49

I created a database on my local ubuntu machine.

How can I transfer it to my remote server (ec2 Ubuntu)

6 Answers 6

91

TL;DR

Use mongodump and mongorestore to take (and restore) a full binary backup of your MongoDB database. Compress the backup dump directory to make it faster to copy to your Amazon instance (BSON tends to compress very well).

Best practices

Rather than following adhoc instructions, I would strongly recommend reading the standard Backup and Restore with MongoDB Tools tutorial in the MongoDB manual.

You can also use a Filesystem snapshot, but mongodump and mongorestore only export the data so your backup will be smaller (i.e. your remote server will not inherit any excessive storage allocation due to preallocation).

4
  • 1
    Hello..can you say what is the link want to i add to connect ubuntu server monogo db. like mongodb://localhost:27017/myapp we user this for connect localhost database,when connect to remoteserver only we want to add our server ip Address?
    – hash
    Oct 17, 2014 at 4:06
  • @Stennie I got recv(): message len 759714643 is too large. Max is 48000000, do you know how to deal with this? May 1, 2015 at 19:50
  • Note that when you restore database using mongorestore from mongodump files, it's very very very slow operation, even on few GB databases. It would take few hours to few days or even weeks! May 19, 2020 at 1:15
  • I was able to mongorestore a 33 GB mongo dump in under 7 minutes on an 8 core VPS.
    – jorisw
    Jul 11, 2023 at 20:36
14

Auto Sync between 2 Server
If your local host is available from outside you can use copydb in admin.
Migrate mongodb data one hardware to another hardware:

user@server:~$ mongo
MongoDB shell version: 2.6.11
connecting to: test
> use admin
switched to db admin
>db.runCommand({copydb:1,fromhost:'your previous host',fromdb:'Auctions_Data',todb:'Auctions_Data'})
{ "ok" : 1 }
2
7

In addition to the other solutions you can create a bash script and preform this very easily.

#!/bin/bash

HOST="somehost.com"
PORT="2345"
REMOTE_DB="some-remote-db"
LOCAL_DB="your-local-db"
USER="remote-user-name"
PASS="passwordForRemoteUser"

## DUMP REMOTE DATABASE
echo "Dumping '$HOST:$PORT/$REMOTE_DB'..."
mongodump --host $HOST:$PORT --db $REMOTE_DB -u $USER -p $PASS

## RESTORE DUMP DIRECTORY
echo "Restoring to '$LOCAL_DB'..."
mongorestore --db $LOCAL_DB --drop dump/$REMOTE_DB

## REMOVE DUMP FILES
echo "Removing dump files..."
rm -r dump

echo "Finished."
4

You can create a database backup and transfer it to a S3 bucket.

First, install s3cmd:

sudo yum --enablerepo epel install s3cmd

#to configure s3cmd
s3cmd --configure

Then create a backup routine in a backup.sh file:

#!/bin/bash

#Force file syncronization and lock writes
mongo admin --eval "printjson(db.fsyncLock())"

MONGODUMP_PATH="/usr/bin/mongodump"
MONGO_HOST="prod.example.com"
MONGO_PORT="27017"
MONGO_DATABASE="dbname"

TIMESTAMP=`date +%F-%H%M`
S3_BUCKET_NAME="bucketname"
S3_BUCKET_PATH="mongodb-backups"


# Create backup
$MONGODUMP_PATH -h $MONGO_HOST:$MONGO_PORT -d $MONGO_DATABASE

# Add timestamp to backup
mv dump mongodb-$HOSTNAME-$TIMESTAMP
tar cf mongodb-$HOSTNAME-$TIMESTAMP.tar mongodb-$HOSTNAME-$TIMESTAMP

# Upload to S3
s3cmd put mongodb-$HOSTNAME-$TIMESTAMP.tar s3://$S3_BUCKET_NAME/$S3_BUCKET_PATH/mongodb-$HOSTNAME-$TIMESTAMP.tar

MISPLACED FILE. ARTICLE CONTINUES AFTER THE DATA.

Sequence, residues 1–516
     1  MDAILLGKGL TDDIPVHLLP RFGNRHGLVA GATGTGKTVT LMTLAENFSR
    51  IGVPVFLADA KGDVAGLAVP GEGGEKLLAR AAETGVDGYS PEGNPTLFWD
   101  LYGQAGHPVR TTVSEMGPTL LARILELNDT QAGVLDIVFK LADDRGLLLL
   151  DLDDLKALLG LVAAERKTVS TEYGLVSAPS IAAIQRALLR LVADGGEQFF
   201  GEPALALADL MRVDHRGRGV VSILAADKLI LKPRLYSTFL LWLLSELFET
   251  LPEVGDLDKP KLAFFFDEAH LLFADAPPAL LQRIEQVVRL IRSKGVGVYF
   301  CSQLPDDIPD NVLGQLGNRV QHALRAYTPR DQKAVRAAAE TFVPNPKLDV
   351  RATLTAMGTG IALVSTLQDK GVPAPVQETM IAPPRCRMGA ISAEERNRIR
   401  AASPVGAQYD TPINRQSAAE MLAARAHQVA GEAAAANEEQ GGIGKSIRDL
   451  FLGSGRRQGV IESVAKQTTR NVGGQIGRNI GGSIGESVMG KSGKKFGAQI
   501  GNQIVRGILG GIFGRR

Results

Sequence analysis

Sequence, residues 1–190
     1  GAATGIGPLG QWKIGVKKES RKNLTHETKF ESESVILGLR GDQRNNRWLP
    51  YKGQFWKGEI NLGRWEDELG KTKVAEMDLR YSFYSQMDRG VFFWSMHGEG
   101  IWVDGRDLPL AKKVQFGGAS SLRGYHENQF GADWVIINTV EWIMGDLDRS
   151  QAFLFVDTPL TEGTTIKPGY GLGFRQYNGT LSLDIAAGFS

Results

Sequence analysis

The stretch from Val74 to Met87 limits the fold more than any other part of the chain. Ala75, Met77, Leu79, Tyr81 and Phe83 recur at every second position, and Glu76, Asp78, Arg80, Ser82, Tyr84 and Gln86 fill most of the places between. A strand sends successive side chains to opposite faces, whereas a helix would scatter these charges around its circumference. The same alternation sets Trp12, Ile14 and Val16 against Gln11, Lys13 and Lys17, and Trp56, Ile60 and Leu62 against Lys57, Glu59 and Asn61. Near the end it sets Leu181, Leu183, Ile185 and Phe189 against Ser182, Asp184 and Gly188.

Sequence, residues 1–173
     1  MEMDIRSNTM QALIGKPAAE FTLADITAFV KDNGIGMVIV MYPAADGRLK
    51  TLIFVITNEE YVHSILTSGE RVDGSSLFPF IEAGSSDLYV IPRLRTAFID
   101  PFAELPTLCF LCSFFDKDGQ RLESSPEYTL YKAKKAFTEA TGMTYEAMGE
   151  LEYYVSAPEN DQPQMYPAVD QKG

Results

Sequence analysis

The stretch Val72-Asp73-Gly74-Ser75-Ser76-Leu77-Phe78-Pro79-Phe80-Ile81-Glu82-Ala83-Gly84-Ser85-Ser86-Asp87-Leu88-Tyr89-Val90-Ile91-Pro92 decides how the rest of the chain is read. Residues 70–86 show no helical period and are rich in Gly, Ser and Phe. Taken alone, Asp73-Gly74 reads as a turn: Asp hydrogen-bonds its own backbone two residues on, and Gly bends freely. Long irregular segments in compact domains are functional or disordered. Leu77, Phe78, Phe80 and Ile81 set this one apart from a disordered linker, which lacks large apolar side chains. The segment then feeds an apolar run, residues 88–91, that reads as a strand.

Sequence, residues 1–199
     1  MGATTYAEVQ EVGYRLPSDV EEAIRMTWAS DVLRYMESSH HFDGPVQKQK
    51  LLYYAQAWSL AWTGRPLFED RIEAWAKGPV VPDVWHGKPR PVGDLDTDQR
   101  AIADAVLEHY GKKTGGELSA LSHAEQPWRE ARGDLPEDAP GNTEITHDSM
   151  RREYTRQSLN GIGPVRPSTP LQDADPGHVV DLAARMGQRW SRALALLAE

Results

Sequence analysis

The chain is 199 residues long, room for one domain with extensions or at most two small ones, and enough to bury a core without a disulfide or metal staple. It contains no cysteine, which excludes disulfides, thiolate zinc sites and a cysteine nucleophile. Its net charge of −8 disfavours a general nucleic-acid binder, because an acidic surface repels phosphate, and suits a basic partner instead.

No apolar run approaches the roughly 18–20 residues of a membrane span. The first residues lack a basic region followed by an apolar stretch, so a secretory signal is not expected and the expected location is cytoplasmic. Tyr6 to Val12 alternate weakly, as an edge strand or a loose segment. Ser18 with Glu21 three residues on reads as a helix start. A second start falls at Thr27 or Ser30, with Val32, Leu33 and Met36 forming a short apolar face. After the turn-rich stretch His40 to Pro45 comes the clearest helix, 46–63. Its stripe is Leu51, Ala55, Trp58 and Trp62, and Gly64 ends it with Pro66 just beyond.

#Unlock databases writes
mongo admin --eval "printjson(db.fsyncUnlock())"

When you run bash backup.sh a new file will be created like mongodb-localhost-10-10-2013.tar

On the remote server you can use a wget to download file from Amazon S3. Extract backup file using tar like tar -xvf backupname.tar.

To restore you can use:

mongorestore --dbpath <database path> <directory to the backup>

Like this:

mongorestore --dbpath /var/lib/mongo backup_directory_name

I hope this is enough to help you

2
  • Then how to add link of mondodb to my App. in service.js mongoose.connect('mongodb://localhost:27017/mean-demo');
    – hash
    Oct 13, 2014 at 4:42
  • tried the mongorestore ... line, get 'If you are running a mongod on the same path you should connect to that instead of direct data file access'. Found that worked fine without --dbpath <database path>
    – Putnik
    Jun 5, 2016 at 16:48
0

Install mongo software on your remote server Stop mongod on your local computer. copy the data files and configuration to the remote computer. verify permissions of the data files are the same as on your local computer. and then start mongod on the remote server.

5
  • 1
    step1:I stopped my mongodb using sudo service mongodb stop.step2..I made tar ball of /var/lib/mogodb files and scp to server..but how to configure it??? Jan 23, 2014 at 9:13
  • 1
    How to copy the data ?
    – WhoAmI
    Jan 23, 2019 at 6:16
  • @PraveenSinghYadav you might want to copy the configurations too. check /etc/mongod.conf file
    – Tata
    Jan 27, 2019 at 4:58
  • 1
    Is copying database files still possible if source and destination servers has different OS's (i.e. Debian to CentOS or Windows)?
    – nurb
    Nov 11, 2019 at 9:36
  • I personally haven't tried that, but i think it could work.
    – Tata
    Nov 14, 2019 at 7:40
-1

Now that you have found your data files, and scp-ed them to the necessary server location, say /data/db/* , you can start your mongod command with the param dbpath as such : mongod --dbpath /data/db Ensure that you have copied all the files correctly into this new folder.

1
  • But how will I upload db datas on EC2 mongodb Instance ?
    – WhoAmI
    Jan 23, 2019 at 7:20

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